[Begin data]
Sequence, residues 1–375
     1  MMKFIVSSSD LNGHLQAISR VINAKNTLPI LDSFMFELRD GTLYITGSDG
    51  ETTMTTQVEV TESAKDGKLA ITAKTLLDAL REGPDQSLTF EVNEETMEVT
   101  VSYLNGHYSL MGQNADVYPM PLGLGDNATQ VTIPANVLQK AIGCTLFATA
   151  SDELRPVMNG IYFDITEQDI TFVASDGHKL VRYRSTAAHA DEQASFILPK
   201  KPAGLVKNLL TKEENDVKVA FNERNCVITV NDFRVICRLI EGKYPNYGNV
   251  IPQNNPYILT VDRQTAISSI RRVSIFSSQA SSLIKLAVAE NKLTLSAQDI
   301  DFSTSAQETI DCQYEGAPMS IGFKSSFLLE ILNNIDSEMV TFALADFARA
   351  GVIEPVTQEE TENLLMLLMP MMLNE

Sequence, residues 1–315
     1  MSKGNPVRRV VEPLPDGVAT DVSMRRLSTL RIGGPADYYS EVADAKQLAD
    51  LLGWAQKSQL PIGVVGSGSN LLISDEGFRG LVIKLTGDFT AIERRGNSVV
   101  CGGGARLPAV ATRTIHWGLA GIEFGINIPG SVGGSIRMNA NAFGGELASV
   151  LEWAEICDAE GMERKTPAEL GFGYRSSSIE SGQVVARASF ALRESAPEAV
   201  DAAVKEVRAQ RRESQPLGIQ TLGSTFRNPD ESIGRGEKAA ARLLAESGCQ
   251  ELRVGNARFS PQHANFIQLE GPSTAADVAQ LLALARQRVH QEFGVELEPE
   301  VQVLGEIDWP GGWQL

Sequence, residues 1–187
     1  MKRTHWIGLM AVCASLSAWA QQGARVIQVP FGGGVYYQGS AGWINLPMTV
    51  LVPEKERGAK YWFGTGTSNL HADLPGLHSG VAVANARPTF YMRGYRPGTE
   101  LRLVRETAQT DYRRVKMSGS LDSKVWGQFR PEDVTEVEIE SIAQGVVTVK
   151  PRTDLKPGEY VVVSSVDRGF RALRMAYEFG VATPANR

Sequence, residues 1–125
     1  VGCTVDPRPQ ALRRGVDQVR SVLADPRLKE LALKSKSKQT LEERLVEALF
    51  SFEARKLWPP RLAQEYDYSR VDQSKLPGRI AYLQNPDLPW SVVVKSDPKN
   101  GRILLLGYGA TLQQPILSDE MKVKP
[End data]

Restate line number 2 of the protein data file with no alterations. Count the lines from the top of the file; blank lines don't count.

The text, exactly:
     1  MMKFIVSSSD LNGHLQAISR VINAKNTLPI LDSFMFELRD GTLYITGSDG